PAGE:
Waymo made an unprecedented move to detail their behind-the-scene work on autonomous vehicles, including crashes and near-misses

What I found interesting

A story of a Uighur at a Chinese concentration camp

A study conducted by a Swedish university concluded that the Republican party has moved towards autocracies for the last 20 years

Brazil’s plan to exploit Amazon responsibly is in danger

A very eloquent, balanced and well-written endorsement for Joe Biden from The Economist

Just a hard breaking story from a Covid survivor in Texas

Weekly readings – 11th October 2020

What I wrote last week

My thoughts on Section 230 and why I think Facebook & Twitter are failing us

Business

An interview with the principal medical officer of Amazon Halo, Amazon’s latest health tracker. Amazon has an established relationship with consumers, a well-known & loved brand, a war chest and expertise in machine learning. It’ll be interesting to see how Amazon Halo will compete in this space.

A family business controls 97% of the ice cream truck music market

Covid-19 has decimated independent restaurants much more than it has the biggest chains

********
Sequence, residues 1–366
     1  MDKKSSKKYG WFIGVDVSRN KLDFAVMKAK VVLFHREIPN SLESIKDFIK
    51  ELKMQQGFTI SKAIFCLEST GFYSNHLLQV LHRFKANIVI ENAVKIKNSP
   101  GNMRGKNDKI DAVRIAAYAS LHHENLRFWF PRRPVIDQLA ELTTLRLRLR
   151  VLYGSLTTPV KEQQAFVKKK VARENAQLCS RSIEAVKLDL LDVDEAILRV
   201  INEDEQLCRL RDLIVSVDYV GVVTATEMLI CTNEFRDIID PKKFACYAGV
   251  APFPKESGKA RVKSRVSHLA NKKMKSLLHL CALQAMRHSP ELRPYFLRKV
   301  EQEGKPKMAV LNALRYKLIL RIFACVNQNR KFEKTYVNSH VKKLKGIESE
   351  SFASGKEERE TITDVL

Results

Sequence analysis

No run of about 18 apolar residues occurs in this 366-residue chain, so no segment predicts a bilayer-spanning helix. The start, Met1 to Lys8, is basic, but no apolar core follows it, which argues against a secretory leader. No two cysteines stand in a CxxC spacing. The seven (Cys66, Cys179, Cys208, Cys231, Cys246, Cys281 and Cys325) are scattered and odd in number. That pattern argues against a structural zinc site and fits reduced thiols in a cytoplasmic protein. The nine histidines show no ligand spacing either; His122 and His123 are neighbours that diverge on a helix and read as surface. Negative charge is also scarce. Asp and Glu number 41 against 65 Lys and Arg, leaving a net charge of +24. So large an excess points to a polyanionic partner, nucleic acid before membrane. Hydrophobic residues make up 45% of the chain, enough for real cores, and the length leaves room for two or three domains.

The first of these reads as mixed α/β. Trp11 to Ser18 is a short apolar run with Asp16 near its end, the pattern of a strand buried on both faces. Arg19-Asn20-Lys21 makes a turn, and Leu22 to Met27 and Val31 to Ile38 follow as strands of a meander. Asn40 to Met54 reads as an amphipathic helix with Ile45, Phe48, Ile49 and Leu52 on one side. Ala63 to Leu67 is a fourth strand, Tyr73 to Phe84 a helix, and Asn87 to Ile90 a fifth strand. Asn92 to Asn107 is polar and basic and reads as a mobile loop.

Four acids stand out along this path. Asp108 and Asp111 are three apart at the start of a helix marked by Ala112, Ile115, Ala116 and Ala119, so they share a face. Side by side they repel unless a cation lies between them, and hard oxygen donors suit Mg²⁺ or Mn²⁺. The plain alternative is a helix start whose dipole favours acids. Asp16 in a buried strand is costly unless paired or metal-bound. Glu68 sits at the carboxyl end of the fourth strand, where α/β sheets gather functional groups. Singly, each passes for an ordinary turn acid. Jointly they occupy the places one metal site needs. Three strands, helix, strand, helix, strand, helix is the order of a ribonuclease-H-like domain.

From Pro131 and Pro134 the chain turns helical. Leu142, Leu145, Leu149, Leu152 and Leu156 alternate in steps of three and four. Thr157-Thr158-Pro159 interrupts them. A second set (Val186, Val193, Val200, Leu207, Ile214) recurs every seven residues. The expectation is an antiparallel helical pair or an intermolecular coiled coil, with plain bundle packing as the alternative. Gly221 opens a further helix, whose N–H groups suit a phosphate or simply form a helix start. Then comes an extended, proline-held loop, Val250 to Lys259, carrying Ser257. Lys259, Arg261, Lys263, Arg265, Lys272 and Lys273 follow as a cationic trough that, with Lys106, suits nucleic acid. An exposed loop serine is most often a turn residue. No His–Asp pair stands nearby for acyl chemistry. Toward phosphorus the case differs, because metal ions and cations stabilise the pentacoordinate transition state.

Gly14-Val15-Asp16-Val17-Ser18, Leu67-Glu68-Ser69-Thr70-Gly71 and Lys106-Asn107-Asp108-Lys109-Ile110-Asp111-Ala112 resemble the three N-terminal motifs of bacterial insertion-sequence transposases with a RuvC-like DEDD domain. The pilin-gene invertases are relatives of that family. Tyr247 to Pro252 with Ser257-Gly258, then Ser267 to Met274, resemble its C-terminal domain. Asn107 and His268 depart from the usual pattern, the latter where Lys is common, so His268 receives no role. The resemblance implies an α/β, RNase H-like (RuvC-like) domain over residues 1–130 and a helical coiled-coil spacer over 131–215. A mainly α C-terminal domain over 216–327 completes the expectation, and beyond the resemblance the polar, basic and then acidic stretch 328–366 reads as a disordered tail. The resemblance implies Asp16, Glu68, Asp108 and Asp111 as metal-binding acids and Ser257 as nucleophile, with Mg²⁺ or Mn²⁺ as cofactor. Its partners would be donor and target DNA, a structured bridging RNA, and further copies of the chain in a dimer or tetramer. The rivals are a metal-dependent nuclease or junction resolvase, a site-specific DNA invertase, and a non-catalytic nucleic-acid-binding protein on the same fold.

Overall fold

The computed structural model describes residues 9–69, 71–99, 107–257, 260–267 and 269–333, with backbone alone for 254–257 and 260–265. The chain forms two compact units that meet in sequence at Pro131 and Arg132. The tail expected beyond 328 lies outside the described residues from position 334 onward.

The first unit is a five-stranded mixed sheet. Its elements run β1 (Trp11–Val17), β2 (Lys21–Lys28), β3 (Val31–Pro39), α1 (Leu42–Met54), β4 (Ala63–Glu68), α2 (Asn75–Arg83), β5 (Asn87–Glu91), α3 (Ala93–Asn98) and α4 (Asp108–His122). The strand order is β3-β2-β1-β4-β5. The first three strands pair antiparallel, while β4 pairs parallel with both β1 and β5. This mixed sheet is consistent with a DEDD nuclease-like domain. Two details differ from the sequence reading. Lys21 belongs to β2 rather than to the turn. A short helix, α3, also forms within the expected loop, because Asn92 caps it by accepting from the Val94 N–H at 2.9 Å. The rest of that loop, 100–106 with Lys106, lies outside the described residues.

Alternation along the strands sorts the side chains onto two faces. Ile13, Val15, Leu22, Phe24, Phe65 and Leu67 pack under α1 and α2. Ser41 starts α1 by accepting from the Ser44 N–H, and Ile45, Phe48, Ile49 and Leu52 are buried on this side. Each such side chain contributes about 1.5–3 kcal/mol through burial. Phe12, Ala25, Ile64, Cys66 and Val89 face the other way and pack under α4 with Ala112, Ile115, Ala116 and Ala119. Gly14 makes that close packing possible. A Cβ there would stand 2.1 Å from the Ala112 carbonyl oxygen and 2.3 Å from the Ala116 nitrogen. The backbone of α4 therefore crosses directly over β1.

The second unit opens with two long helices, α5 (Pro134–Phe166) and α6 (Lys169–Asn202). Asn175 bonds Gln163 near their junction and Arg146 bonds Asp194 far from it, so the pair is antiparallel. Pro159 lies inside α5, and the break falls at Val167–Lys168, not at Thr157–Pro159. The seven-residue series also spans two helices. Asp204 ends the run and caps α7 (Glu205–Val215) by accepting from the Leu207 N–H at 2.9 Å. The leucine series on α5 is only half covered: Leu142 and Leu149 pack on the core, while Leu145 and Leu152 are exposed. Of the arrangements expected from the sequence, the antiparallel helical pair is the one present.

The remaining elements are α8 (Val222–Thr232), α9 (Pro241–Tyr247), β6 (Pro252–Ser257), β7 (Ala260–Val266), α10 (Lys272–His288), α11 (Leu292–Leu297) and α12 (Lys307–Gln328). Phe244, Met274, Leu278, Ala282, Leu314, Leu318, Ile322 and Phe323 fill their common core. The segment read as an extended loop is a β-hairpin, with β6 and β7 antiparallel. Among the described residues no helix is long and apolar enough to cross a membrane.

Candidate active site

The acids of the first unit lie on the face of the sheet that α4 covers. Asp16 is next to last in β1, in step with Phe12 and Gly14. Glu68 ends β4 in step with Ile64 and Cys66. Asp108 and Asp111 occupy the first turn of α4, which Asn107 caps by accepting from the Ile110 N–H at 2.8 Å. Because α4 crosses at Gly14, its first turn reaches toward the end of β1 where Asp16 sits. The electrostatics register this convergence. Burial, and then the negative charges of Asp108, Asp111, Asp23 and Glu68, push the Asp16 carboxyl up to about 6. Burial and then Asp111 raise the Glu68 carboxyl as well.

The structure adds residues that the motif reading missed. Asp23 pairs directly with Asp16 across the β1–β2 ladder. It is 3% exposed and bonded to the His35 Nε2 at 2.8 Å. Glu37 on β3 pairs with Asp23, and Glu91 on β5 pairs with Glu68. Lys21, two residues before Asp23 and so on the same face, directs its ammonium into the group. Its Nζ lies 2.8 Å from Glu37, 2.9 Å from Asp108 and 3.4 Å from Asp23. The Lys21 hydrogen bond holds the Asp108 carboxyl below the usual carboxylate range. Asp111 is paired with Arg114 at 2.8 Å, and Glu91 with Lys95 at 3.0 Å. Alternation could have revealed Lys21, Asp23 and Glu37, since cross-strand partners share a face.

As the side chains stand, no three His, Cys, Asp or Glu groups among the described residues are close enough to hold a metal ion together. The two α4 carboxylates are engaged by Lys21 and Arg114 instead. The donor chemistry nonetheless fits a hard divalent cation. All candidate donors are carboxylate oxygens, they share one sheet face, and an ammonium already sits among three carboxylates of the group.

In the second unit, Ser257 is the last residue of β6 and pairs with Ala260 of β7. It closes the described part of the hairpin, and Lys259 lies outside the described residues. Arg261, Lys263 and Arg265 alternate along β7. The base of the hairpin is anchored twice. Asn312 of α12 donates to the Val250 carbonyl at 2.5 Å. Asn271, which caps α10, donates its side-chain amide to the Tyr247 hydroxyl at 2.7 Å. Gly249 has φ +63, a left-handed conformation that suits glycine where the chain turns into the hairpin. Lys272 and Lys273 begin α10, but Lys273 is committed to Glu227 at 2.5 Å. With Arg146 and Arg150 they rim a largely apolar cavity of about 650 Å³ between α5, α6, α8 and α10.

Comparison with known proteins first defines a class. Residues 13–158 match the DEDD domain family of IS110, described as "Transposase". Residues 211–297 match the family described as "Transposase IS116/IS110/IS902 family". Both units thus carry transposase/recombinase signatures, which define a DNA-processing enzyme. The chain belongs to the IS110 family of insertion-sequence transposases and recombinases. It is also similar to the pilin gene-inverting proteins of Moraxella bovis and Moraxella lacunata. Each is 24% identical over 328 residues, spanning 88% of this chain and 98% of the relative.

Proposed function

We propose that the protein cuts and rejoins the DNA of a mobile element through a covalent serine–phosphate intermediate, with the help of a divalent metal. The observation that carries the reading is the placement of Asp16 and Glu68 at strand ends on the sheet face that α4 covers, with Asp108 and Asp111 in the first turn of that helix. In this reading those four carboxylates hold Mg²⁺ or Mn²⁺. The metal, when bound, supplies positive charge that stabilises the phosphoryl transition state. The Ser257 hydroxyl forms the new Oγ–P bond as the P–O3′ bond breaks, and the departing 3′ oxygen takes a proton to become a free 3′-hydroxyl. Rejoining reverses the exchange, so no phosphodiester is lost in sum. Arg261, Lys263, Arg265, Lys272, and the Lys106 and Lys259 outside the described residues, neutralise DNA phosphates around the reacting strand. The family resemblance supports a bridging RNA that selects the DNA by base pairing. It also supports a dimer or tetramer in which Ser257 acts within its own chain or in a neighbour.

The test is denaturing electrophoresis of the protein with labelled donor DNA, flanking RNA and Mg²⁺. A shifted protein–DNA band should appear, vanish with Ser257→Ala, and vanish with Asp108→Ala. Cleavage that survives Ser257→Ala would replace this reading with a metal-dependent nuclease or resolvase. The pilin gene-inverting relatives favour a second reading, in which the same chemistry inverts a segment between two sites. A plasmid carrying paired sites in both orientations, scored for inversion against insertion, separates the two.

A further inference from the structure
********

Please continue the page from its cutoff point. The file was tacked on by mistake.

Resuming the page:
Google, once a friend, becomes a formidable foe of travel companies.

A startup released its Serie A funding round memo publicly. Pretty interesting.

The challenges that Disney faces in designing a strategy for Hulu

Technology

A comprehensive review of iOS14 and iPadOS14

Google announced a new feature that would allow users to look for songs by just humming. Don’t you love technology? It’s very remarkable

What I found interesting

Gen Z folks feed themselves misinformation. A pretty interesting yet scary revelation.

Pu Luong, a pristine and untouched beauty in the North of Vietnam, a few hours from the capital

How Oslo Achieved Zero Pedestrian and Bicycle Fatalities

If you have a chance to visit Dalat in Vietnam, try this dish. It’s great, delicious yet dirt cheap. I miss it.

On average, Americans spend $21 on subscriptions every month

Weekly readings – 12th Sep 2020

What I wrote

Three documentaries that I think will intrigue and interest you intellectually

Business

FT’s interview with Reed Hastings that gave some insights into Netflix’s culture

Contactless penetration in the US is around 5-6% while that in non-US markets is around 66%, according to Visa